who stood by. To escape the harshness of his life, Beethoven created a

fantasy to fortify himself against his father’s brutality. He openly

declared that his father was not his real father, and in fact, he

encouraged people to believe that he was the illegitimate son of the

King of Prussia. "While most children would have given up this

romantic family fantasy, Beethoven never did, carrying this fantasy

into his adulthood. He had a hunger for greatness. He maintained a

yearning to have a legitimacy confirmed upon him and yet developed

lifelong disdain for authority, which he often railed against, again,

expressing himself through his music."

Beethoven also had a tendency to pine for unavailable women, pursuing

women of the aristocracy and women who were married or attached in

some way. Because his great romances were unfulfilled, Kogan says this

unfulfilled passion emerges in his music. His famous Moonlight Sonata

was dedicated to a woman named Giuletta Giucciardi, a countess out of

his reach. "As was his fantasy about his royal bloodlines, these

romances were also fantasies. By choosing to fall in love with

aristocrats who were married, he was ensuring that they wouldn’t

succeed." He did have a passionate affair with the woman who would

come to be known in history as his "Immortal Beloved," documented in

letters that exist today. There is much speculation about who she was,

most likely someone of royalty or wealth, but no one really knows.

(The story is explored in the 1994 film, "Immortal Beloved," starring

Gary Oldman as Beethoven.) This woman, Immortal Beloved, told

Beethoven she would leave her husband for him. At first he declared

they would live a glorious life together, but ultimately, he decided

not to embrace the life of happily ever after. "As an artist, he

believed that his destiny would not allow him to share his life with

anyone else," Kogan says.

The "Immortal Beloved" was Beethoven’s last and greatest love. After

that relationship was over, he devoted the next five years of his life

pitted against his sister-in-law, to win the guardianship of his

nephew, Karl, after his brother died. "What was fascinating about his

pursuit of this guardianship was that during it, he was in a creative

slump. Beethoven seemed to feel a need for some sort of family

structure to complete his life and make him creative again. Once he

gained custody, he became extraordinarily creative. Beethoven

abandoned the heroic style of his music and, with this child in his

life, entered a new stage of musical development, becoming more

personal, communicative, and expressive."

Richard Kogan was born in Elizabeth, New Jersey, the second of five

children. His father was a gastroenterologist who had a practice in

Elizabeth for 50 years. His mother was a music teacher, who first sat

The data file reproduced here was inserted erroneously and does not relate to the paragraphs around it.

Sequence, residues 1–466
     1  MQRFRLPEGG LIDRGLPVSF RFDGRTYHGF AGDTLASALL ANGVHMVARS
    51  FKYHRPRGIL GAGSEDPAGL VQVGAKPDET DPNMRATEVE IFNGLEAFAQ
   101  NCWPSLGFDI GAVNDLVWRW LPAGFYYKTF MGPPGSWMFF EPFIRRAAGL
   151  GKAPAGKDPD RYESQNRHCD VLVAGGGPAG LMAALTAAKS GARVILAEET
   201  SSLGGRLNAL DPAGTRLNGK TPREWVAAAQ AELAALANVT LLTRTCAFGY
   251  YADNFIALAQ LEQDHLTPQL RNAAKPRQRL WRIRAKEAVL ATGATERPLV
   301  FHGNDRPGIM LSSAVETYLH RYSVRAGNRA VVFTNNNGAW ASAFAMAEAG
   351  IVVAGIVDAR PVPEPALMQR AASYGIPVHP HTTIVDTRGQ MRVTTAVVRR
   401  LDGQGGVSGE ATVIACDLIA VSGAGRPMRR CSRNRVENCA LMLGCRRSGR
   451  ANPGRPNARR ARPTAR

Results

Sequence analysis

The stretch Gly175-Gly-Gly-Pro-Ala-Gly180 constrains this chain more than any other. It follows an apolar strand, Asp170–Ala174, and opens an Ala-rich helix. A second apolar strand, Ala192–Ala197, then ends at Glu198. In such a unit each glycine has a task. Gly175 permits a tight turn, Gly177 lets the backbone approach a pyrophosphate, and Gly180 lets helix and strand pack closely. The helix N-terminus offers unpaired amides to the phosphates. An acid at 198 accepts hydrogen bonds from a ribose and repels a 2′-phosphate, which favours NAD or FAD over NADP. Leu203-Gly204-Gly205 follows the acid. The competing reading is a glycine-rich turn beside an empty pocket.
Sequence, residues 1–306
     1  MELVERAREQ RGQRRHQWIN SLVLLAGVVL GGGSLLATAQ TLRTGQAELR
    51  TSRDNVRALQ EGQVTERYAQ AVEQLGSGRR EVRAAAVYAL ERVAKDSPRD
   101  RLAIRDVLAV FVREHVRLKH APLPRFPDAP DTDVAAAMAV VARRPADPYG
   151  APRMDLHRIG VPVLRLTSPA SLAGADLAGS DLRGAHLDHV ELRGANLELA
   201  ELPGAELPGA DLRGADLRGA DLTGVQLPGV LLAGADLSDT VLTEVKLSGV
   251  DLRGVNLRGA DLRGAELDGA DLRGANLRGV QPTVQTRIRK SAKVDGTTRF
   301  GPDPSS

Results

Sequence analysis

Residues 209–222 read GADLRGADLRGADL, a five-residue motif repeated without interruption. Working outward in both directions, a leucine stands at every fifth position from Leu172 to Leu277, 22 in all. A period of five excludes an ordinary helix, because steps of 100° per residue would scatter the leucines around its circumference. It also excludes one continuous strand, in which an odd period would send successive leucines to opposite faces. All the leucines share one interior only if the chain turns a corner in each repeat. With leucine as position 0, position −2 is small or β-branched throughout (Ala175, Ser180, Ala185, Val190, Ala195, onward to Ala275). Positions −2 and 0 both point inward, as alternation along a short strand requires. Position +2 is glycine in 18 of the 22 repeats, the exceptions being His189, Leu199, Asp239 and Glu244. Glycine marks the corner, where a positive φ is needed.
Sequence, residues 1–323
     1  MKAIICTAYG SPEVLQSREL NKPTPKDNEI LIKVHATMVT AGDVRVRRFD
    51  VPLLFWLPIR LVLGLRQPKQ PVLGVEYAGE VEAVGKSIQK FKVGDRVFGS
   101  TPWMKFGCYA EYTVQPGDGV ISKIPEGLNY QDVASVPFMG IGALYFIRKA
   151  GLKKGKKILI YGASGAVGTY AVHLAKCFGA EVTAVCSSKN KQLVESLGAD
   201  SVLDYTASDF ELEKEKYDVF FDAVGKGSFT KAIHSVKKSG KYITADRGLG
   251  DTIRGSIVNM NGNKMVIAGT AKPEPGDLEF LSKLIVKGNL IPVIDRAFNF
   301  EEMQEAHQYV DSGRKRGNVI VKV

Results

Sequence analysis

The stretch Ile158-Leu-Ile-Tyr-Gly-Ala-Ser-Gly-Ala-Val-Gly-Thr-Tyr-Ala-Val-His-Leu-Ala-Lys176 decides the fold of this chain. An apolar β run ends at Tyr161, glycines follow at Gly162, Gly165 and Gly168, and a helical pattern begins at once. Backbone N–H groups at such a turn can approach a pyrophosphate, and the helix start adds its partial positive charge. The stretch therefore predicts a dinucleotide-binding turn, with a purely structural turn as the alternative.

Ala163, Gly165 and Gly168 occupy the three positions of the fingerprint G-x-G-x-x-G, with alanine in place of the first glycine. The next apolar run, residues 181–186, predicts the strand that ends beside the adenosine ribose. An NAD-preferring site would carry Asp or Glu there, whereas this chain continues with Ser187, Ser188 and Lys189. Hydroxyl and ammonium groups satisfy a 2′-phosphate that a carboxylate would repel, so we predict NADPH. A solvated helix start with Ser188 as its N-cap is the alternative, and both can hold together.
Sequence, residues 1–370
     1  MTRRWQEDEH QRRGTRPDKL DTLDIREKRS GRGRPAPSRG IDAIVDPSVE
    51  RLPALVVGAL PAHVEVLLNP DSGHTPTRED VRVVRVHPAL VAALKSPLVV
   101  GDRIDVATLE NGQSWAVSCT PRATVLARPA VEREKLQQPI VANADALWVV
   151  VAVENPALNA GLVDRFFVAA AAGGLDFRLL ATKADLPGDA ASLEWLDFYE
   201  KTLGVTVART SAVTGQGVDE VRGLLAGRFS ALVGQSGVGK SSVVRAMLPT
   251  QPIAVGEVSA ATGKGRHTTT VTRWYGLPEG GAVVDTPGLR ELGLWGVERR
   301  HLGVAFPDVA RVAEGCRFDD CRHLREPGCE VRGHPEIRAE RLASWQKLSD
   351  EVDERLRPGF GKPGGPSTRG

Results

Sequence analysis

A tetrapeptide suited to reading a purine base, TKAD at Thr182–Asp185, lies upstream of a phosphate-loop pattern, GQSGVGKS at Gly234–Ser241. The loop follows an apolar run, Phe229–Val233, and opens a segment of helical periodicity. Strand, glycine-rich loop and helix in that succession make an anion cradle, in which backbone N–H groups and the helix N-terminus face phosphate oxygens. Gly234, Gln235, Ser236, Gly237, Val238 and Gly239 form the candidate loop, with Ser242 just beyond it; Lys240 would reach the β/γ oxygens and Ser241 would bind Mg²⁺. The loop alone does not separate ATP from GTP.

him down at the piano at the age of four. "I was told I had a lot of

energy, and I was probably tearing up the house and scribbling on the

walls. Music was a way to harness that energy." His talent was

evident, and by the age of six, he was studying piano with Nadia

Reisenberg in the pre-college division at Juilliard. One of the

friends he would make at Juilliard was fellow student Yo-Yo Ma, who

would become a world famous cellist. Kogan took his musical talent to

Harvard, where he majored in music and also pursued a pre-med program.

His path would cross again with Ma, who was also studying at Harvard,

and they became good friends. In his freshman year, Kogan and Ma

enlisted a third musician, violinist Lynn Chang, to form a trio. The

three of them played all through Kogan’s undergraduate years (he

graduated in 1977) and also when he went to Harvard Medical School (he

graduated in 1982).

Attending medical school and simultaneously pursuing his career as a

concert pianist was, needless to say, a challenging balancing act, but

the dean of the medical school interceded to allow Kogan to do both.

"He would give me months off between my clinical clerkships in order

to concertize."

Kogan lives in New York City with his wife and three children, a

11-year-old son, a 14-year-old daughter, and a 15-year-old daughter,

who is a pre-college division student at Juilliard, playing cello.

Kogan says his lecture-concerts have enabled him to embark upon a

gratifying personal journey that has helped him become a better

musician. "Knowing about the lives, conditions, and struggles of the

great composers on a deeper level has made me play their music in a

much more committed way." Kogan is hoping to inspire others in the

same way with a new series of presentation-performances on DVD, "Music

& the Mind," which feature the life and works of the classical

composers. Produced by Yamaha, the first installment focuses on the

brilliant 19th century composer Robert Schumann.

Kogan is convinced that music can be used to help today’s mentally

ill. The challenge is to tap into the powerfully creativity urges and

pull of certain psychiatric conditions while removing the pain and

stigma of mental illness. Music can also be used to soothe. He is

excited about the implications of scientific work that documents what

music does to the immune system and how that work can be used to help

patients. "We have so much music around us, most of it is background

noise, ringtones on cell phones, music in elevators, but not enough

people are really listening closely. Music is a tremendously

underutilized resource. It has extraordinary healing properties.

There’s so much suffering. There are many troubled kids and adults who

would benefit by having more music in their lives. These composers

used music to heal themselves. They can help heal us as well."

Night Out with NAMI, a concert and dinner, Sunday, January 8, 3 p.m.,

in the Music Building at the college. $50 for the concert alone; $150

for the concert, reception, and "Starry Night" dinner. Call

609-799-8994 or E-mail For information on Kogan’s

DVD series, "Masters & the Mind," call 800-759-1294.